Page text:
Document Type


Date of Degree Completion

Spring 2020

Degree Name

Bachelor of Science



Committee Chair

Dominic Klyve

Second Committee Member

David Gee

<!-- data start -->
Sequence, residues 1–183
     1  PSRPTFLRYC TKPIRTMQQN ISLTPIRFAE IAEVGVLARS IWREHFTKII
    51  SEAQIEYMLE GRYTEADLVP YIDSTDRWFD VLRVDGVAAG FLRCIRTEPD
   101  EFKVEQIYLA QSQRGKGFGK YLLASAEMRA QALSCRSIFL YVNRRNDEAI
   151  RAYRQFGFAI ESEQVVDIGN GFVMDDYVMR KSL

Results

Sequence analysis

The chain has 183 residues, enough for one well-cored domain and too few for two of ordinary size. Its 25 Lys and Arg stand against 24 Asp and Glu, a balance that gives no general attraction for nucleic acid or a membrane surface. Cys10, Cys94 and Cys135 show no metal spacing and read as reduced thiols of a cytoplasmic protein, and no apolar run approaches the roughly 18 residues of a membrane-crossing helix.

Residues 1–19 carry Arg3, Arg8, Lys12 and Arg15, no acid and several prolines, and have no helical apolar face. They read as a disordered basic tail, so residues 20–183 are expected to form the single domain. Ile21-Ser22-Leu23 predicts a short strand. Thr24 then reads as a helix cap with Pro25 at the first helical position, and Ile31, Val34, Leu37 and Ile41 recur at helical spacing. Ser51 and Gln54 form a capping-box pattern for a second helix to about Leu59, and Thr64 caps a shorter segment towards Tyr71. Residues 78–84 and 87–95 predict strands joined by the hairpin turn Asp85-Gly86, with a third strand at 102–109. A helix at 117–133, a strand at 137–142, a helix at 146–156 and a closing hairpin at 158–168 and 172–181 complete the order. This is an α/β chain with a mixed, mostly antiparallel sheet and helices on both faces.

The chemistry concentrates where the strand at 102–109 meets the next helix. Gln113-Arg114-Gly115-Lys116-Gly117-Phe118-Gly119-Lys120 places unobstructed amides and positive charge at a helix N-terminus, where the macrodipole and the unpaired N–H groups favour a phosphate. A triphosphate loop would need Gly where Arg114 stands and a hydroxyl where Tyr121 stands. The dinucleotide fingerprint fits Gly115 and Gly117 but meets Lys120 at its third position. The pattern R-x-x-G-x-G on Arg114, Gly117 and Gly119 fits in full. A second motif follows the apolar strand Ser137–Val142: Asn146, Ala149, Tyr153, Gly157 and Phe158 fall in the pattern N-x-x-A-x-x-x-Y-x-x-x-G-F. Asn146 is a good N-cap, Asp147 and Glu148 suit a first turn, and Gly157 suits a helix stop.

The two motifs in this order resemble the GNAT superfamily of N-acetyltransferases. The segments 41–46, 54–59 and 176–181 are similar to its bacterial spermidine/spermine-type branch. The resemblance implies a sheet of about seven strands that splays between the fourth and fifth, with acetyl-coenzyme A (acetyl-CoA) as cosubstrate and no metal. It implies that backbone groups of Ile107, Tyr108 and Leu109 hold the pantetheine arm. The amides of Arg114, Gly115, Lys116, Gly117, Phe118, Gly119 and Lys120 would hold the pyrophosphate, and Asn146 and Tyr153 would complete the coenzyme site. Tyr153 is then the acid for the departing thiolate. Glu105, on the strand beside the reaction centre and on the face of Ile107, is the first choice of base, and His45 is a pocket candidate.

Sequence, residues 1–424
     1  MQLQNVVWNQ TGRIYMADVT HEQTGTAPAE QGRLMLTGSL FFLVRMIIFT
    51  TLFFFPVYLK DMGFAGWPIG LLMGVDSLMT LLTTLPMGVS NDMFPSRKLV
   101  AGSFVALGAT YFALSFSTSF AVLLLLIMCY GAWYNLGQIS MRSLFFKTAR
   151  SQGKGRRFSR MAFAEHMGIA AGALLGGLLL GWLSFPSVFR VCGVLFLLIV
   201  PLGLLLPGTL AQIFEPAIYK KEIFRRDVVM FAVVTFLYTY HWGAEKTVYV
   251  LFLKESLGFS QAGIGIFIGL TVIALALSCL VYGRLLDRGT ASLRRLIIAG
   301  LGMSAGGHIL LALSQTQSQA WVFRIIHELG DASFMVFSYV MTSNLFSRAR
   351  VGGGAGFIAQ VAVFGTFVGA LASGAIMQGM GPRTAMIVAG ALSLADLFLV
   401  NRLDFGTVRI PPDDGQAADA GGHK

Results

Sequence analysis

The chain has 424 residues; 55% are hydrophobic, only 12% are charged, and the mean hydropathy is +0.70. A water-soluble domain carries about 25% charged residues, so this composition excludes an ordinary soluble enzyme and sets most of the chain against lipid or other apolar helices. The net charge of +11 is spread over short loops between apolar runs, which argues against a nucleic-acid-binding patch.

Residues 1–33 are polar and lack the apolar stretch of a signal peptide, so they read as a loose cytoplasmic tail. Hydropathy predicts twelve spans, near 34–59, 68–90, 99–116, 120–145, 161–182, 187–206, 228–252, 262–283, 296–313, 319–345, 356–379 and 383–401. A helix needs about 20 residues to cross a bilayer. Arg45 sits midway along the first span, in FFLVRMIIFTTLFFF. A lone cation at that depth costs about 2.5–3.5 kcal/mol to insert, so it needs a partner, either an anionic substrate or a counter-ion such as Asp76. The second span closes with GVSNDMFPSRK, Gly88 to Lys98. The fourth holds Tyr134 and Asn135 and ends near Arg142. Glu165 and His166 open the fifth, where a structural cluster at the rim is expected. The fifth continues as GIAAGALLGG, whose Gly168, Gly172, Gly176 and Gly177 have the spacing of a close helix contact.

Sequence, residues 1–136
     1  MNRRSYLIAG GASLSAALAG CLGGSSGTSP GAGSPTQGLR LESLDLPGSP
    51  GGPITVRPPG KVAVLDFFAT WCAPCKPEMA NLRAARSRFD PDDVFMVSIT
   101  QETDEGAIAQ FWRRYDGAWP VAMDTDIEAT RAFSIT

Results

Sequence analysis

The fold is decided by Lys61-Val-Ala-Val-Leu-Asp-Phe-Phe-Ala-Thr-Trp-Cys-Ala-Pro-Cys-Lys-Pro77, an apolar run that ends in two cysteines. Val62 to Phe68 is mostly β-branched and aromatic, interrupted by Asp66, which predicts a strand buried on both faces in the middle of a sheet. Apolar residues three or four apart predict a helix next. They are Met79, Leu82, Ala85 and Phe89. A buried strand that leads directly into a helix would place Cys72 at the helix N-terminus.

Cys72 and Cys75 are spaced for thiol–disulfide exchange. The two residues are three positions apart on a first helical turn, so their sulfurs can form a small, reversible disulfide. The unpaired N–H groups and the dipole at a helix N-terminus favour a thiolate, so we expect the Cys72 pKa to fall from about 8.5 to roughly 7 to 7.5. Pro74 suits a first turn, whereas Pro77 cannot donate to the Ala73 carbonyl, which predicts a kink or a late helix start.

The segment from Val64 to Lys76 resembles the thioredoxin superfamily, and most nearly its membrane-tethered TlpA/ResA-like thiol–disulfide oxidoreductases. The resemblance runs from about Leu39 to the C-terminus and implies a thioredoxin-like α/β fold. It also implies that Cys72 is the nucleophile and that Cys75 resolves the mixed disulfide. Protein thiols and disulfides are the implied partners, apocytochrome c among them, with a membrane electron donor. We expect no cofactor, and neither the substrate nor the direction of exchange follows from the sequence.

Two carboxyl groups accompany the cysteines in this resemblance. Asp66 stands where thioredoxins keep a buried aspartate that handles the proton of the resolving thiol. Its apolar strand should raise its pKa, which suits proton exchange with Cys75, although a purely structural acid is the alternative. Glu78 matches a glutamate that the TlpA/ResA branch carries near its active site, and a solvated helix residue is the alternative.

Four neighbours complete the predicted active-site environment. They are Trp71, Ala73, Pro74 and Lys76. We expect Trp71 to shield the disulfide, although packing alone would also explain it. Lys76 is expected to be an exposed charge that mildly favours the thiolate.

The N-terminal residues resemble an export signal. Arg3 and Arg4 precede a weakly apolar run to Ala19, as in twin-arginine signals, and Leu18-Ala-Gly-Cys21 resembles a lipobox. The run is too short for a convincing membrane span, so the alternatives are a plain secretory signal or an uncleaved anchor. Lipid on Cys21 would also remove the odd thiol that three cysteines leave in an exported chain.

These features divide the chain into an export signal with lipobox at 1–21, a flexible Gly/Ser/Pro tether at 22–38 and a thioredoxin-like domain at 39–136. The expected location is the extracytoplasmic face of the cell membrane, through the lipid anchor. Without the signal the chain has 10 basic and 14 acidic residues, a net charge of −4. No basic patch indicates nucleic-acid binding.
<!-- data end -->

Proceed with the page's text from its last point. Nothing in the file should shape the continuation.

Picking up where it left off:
There is a lack of research regarding how following a vegetarian or omnivores diet effects C-Reactive Protein (CRP) levels of people as seen through results from an analysis of data gathered from the National Health and Nutrition Examination Survey (NHANES). The level of CRP is a reflection of how much inflammation there is in one’s body and is a popular indicator of risk for heart disease. Thus, in this research, I use the NHANES data to look at the relationship of CRP levels of people who identified themselves as vegetarian or not, while also considering the general healthiness of each diet based on their Healthy Eating Index (HEI) score. While there exists a vast prevalence of studies and research into the health benefits of following a restricted meat or vegetarian diet compared to one including meat, there is a rarity of studies that look at how well either diet meets a nationally accepted healthy diet over time and the C-Reactive Protein levels of either group who met and exceeded or fell below the standard of a nationally accepted healthy diet.